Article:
Sometimes a long-term corporate strategy can cause near-term pain for shareholders. Packaged foods manufacturer Kellogg (NYSE:K) reported fourth-quarter 2019 earnings on Thursday morning, and as a consequence of significant decisions made last year, the company issued a tepid 2020 outlook that disappointed investors. Shares were trading down nearly 8% at midday. Below, we'll review the essential details from the last three months, and discuss why Kellogg's outlook reveals a weakness that may persist throughout 2020.

Note that all comparable numbers that follow refer to those of the prior-year quarter.

Kellogg: A bird's-eye view of the numbers

Metric Q4 2019 Q4 2018 Change (Decline)
Revenue $3.22 billion $3.32 billion (3%)
Net income (loss) $145 million ($84 million) N/A
Diluted earnings per share (loss) $0.42 ($0.24) N/A

Data source: Kellogg. N/A=Not applicable.

Highlights from the quarter

Close-up of a young girl eating chocolate cereal at breakfast.

Image source: Getty Images.

  • The reported sales decline of 3% stemmed from a negative impact of 6 percentage points related to Kellogg's divestiture of several noncore businesses last year in the categories of fruit snacks, ice cream cones, cookies, and pie crusts. But organic revenue (i.e., reported revenue adjusted for acquisitions, divestitures, and foreign currency translation) improved by 3% against the prior-year quarter.
  • Kellogg North America, the company's largest segment, posted an organic sales increase of 1.3% to $1.9 billion, led by snacks and double-digit growth in plant-based meat alternative MorningStar Farms. The company reported that a trend of declining cereal sales in this segment moderated during the quarter.
  • The European segment enjoyed an advance of 3% in organic revenue to $527 million. Results were also driven by snack consumption, and in particular, momentum in the Pringles brand.
  • Organic revenue expansion in the Asia Pacific, Middle East, and Africa region jumped by 8.3% to $569 million, largely on the strength of Pringles and noodles sales in Africa. Kellogg's smallest segment, Latin America, realized a slight 0.4% improvement in organic growth, to $235 million.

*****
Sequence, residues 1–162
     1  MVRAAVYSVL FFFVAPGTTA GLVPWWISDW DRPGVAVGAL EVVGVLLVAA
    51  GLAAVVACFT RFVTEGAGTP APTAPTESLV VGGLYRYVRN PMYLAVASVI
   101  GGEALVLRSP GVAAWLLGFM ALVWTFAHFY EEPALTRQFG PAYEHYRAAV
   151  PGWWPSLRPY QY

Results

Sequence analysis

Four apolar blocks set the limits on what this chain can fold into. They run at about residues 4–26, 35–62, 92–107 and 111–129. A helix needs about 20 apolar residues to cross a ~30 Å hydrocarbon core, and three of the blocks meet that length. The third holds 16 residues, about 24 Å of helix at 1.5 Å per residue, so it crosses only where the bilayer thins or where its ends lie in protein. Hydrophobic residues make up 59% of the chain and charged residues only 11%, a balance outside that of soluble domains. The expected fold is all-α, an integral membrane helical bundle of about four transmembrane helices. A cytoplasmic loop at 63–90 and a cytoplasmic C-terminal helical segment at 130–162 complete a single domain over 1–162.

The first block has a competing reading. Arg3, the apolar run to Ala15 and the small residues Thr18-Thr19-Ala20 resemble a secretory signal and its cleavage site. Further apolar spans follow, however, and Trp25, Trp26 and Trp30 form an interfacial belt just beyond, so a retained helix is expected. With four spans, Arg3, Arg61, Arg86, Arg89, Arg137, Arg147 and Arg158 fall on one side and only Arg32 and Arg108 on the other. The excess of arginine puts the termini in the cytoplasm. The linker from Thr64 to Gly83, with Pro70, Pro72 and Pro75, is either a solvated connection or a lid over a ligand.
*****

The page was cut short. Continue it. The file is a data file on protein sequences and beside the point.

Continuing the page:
• Operating margin improved by 240 basis points to 11.2%. 
  • The difference between net earnings seen in the table above is due to one-time charges taken in the fourth quarter of 2018, which produced a net loss that quarter. On an adjusted basis, Q4 2019 earnings per share of $0.91 were flat against Q4 2018, as a loss of earnings from the divested business lines offset other positive earnings factors in the current quarter.

The 2020 forecast: A problematic outlook

Alongside earnings, Kellogg presented its 2020 guidance, forecasting an organic revenue increase of 1% to 2% for the full year against 2019. But the consumer staples multinational advised investors to expect a currency-neutral decline in adjusted operating profit of 4% in the current year, and a decline in diluted EPS between 3% and 4%.

The projected profit bleed is due to the impact of Kellogg's noncore brand dispositions. That the departed businesses would leave such a significant dent in earnings seems to have caught investors by surprise. The decision to exit products in categories like ice cream cones and cookies will help the company reap faster growth in its core lines of snacks and cereals over the long term. But for the present, selling off significant assets has dampened earnings prospects for the next several quarters.

Where will Kellogg's stock go from here? The opportunities for material earnings surprises are limited due to the company's expectation of extremely mild top-line growth in 2020. Of course, cost-cutting or a strategic acquisition or two could act as share price catalysts during the year. Overall, however, shareholders may do well to keep near-term expectations for Kellogg's financial and market performance in check. 

This article represents the opinion of the writer, who may disagree with the “official” recommendation position of a Motley Fool premium advisory service. We’re motley! Questioning an investing thesis -- even one of our own -- helps us all think critically about investing and make decisions that help us become smarter, happier, and richer.